BHP $13 billion spin-off South32 plans cautious approach to growth

March 17
1:47 AM 2015

BHP Billiton has put far less debt than expected into its $13 billion South32 spin-off, positioning the company formed from its unloved assets to weather tough markets and still pay a dividend.

The world's biggest miner released documents on Tuesday detailing the performance of South32's mines and refineries, long overshadowed by BHP's core iron ore, petroleum, copper and coal businesses, ahead of a planned listing in May.

The new mid-sized miner aims to focus on cutting costs and completing the projects in its aluminum, manganese, silver and coal businesses before weighing new investments, despite a strong balance sheet and a market full of assets for sale.

"We do believe in the concept of crawl, walk and run," South32 CEO elect Graham Kerr told reporters.

Kerr said the company has untapped potential within its fold, as BHP had starved the businesses of capital while it focused on its core arms, and played down the chances of chasing acquisitions in the near term.

"We have some great opportunities left in the portfolio," he said.

Named for the line of latitude linking its two main centers, Australia and South Africa, South32 had proforma revenue of $8.3 billion in the year to June 2014, making up about 12 percent of BHP Billiton's total revenues.

CEO Andrew Mackenzie said it made sense to have two separate companies with different strategies, one focusing on huge assets with hundred-year lives, and the other with shorter-lived assets, processing plants and challenges in South Africa.

The simpler asset base would allow BHP to speed up efforts to cut costs and help it beat its target of $4 billion in savings by June 2017, he said, but declined to spell out by how much.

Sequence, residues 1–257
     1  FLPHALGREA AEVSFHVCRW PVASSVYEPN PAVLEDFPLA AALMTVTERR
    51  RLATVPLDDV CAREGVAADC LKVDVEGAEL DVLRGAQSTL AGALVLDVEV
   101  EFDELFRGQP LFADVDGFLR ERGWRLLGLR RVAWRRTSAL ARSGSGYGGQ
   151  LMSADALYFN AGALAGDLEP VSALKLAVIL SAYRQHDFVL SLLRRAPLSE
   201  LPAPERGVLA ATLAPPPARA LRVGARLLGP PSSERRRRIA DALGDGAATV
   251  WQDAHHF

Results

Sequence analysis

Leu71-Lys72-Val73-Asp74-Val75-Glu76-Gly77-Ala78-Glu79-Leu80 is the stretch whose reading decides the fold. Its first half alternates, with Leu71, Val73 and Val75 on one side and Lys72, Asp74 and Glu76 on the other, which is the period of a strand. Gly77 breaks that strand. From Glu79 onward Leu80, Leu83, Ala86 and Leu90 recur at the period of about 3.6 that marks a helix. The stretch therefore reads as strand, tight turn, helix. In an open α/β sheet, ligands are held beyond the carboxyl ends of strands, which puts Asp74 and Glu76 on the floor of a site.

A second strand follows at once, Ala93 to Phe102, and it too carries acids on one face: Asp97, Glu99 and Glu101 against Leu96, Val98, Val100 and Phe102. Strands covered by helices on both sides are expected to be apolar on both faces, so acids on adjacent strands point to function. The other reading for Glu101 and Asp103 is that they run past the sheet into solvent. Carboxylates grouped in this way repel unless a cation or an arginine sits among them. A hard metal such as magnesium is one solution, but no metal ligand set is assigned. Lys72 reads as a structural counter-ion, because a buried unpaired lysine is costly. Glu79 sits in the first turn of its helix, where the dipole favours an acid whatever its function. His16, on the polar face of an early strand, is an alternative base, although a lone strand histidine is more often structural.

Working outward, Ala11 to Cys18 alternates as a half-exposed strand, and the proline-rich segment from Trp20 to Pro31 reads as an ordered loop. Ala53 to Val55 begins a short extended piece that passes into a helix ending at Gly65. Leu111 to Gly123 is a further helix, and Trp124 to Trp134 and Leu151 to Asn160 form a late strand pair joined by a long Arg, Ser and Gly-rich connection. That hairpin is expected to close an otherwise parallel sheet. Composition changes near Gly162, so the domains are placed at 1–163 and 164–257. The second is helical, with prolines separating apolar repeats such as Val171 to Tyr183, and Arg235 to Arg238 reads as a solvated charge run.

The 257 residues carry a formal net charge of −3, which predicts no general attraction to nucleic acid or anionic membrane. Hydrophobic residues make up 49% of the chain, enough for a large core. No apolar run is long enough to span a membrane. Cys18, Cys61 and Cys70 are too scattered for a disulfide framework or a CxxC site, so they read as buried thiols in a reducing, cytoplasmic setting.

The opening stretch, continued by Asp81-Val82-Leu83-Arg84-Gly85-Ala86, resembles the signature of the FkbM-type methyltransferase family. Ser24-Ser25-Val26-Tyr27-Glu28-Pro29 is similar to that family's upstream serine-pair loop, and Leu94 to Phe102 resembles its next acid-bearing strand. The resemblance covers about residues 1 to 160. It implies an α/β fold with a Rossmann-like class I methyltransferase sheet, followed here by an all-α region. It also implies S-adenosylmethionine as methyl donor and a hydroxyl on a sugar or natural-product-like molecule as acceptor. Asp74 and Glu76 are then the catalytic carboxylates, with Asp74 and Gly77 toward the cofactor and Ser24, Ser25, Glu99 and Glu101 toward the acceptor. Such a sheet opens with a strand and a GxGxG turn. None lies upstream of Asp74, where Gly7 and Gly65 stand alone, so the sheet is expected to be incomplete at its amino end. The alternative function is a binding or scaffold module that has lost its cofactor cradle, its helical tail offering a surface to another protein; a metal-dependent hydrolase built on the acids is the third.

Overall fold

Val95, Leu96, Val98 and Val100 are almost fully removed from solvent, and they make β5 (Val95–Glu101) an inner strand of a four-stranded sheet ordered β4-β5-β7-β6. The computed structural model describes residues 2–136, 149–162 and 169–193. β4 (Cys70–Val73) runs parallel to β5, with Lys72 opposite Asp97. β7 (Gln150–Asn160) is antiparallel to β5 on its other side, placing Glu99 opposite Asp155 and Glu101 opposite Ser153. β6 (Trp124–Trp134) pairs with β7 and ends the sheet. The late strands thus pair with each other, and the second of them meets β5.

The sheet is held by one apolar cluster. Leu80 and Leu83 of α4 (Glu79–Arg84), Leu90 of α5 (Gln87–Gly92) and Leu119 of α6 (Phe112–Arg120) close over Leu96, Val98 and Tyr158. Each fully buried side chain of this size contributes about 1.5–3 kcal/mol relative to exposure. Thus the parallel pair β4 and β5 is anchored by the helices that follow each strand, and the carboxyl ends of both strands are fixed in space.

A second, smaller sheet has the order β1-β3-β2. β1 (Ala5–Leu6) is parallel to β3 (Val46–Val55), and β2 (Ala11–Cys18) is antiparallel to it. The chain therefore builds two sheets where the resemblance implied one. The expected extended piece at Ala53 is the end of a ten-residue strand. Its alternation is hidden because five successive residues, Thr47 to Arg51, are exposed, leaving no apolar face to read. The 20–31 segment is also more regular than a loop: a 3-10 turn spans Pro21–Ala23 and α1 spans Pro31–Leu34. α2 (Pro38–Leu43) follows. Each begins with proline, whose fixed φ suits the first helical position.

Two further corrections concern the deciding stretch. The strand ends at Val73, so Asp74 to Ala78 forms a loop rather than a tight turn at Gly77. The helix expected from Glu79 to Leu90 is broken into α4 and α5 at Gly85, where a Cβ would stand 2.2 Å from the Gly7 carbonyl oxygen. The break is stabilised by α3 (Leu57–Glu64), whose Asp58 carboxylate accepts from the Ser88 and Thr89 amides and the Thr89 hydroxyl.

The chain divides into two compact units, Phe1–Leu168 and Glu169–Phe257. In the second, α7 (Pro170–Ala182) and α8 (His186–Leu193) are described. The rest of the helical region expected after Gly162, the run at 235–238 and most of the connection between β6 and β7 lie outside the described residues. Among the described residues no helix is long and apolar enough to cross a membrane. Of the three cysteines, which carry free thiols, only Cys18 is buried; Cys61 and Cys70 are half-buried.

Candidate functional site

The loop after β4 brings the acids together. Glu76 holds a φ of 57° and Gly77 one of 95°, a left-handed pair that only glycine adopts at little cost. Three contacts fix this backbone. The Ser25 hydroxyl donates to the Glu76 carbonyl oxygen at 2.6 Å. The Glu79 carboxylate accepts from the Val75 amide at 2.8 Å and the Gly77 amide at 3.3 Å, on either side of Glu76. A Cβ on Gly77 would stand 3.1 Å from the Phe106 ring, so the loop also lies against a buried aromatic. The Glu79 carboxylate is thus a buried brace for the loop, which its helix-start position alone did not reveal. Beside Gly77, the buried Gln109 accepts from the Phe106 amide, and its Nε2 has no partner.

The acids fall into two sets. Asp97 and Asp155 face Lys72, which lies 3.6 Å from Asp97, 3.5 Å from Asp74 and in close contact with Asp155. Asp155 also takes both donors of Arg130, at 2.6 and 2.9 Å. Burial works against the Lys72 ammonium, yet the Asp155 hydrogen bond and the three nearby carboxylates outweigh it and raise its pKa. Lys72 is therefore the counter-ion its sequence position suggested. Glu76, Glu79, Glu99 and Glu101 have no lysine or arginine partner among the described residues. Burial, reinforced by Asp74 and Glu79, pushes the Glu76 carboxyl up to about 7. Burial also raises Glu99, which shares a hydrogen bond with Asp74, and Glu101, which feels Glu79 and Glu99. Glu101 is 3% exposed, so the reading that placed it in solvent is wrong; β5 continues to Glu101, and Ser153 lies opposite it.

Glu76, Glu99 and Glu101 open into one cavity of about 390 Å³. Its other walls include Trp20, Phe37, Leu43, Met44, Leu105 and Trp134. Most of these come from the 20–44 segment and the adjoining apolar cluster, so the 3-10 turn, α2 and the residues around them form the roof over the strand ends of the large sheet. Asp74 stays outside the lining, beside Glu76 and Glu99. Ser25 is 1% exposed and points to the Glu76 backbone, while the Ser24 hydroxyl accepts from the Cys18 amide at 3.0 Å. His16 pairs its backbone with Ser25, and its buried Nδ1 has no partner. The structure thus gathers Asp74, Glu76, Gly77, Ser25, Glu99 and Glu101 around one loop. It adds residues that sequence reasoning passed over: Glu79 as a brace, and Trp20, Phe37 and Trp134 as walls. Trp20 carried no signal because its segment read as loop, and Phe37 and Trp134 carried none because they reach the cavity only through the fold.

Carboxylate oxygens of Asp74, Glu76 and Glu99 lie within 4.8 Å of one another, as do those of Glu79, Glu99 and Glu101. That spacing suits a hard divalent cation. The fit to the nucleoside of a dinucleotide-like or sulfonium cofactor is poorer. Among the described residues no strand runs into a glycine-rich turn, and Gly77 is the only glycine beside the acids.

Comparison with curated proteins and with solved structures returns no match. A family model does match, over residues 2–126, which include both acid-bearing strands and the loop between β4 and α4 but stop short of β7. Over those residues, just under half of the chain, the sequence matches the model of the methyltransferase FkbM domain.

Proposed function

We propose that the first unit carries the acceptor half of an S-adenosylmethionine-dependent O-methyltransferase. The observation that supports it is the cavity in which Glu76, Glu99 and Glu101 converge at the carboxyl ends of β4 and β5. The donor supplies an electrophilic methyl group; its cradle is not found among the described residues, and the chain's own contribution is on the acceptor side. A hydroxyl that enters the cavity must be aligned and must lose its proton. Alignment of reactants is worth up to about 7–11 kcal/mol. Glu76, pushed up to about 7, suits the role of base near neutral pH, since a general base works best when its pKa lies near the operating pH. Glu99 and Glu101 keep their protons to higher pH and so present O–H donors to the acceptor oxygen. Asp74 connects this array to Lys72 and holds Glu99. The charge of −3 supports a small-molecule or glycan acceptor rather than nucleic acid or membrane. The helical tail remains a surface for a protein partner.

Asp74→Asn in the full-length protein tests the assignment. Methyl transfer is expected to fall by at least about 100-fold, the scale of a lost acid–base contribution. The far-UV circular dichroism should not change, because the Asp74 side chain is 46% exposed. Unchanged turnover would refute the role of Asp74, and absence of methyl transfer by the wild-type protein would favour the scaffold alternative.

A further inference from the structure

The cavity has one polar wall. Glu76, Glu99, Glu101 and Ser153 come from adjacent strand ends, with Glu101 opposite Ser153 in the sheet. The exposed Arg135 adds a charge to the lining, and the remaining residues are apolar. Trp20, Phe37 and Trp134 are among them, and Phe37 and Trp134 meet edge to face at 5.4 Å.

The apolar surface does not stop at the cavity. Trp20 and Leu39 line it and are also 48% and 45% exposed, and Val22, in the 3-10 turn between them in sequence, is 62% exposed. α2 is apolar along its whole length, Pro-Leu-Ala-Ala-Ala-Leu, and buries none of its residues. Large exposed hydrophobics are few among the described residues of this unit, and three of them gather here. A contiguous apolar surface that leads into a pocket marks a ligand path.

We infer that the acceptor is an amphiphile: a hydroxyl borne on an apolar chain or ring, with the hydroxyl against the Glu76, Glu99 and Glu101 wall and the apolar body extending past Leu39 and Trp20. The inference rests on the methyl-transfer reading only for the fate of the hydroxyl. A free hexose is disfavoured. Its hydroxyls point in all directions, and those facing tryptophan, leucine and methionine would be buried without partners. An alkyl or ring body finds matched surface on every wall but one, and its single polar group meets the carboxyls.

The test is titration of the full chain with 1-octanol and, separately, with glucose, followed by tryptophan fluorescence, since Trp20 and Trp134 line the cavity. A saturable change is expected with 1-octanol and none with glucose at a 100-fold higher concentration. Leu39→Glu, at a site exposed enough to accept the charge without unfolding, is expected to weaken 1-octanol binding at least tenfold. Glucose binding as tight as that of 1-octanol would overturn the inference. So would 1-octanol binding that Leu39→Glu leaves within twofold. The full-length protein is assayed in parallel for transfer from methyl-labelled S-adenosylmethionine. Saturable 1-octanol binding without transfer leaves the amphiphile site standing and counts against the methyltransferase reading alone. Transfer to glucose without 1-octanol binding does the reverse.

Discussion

South32 will emerge from BHP with $674 million in net debt, which is less than half the level analysts had expected.

"They're just trying to be prudent. This company's in some pretty volatile markets, so they just didn't want to over-leverage it," said Brenton Saunders, an analyst at BT Investment Management.

Analysts have valued South32 at around $13 billion, or lower if using current weak commodity prices, in line with what the company said was the historical book value of the assets.

"I don't think investors or the media understand just how attractive they are," Kerr told reporters, without giving any estimate of their market value.

South32 plans to pay out at least 40 percent of its underlying earnings in dividends each half-year, as expected by analysts. BHP reiterated it would not rebase its own dividend, effectively boosting distributions to shareholders who hold both companies.

BHP said the South32 assets contributed net profit after tax of $738 million for the half year to December 2014, which was more than 50 percent higher than some analysts had forecast for the full year to June 2015.

Shareholders are set to vote on the spin-off on May 6, with South32 shares expected to list on the Australian, Johannesburg and London stock exchanges on May 18.

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